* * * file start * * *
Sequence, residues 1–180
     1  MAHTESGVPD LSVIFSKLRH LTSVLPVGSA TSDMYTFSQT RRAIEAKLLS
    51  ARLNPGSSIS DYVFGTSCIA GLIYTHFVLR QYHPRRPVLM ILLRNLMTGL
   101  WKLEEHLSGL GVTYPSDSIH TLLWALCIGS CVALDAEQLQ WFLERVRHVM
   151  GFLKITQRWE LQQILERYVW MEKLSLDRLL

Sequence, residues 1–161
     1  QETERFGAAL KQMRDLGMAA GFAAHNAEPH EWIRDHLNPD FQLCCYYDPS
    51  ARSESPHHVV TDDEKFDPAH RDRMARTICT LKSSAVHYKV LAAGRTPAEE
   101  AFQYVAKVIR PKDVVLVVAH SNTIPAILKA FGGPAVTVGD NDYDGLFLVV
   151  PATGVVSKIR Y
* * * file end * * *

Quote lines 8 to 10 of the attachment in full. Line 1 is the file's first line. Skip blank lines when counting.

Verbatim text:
    51  ARSESPHHVV TDDEKFDPAH RDRMARTICT LKSSAVHYKV LAAGRTPAEE
   101  AFQYVAKVIR PKDVVLVVAH SNTIPAILKA FGGPAVTVGD NDYDGLFLVV
   151  PATGVVSKIR Y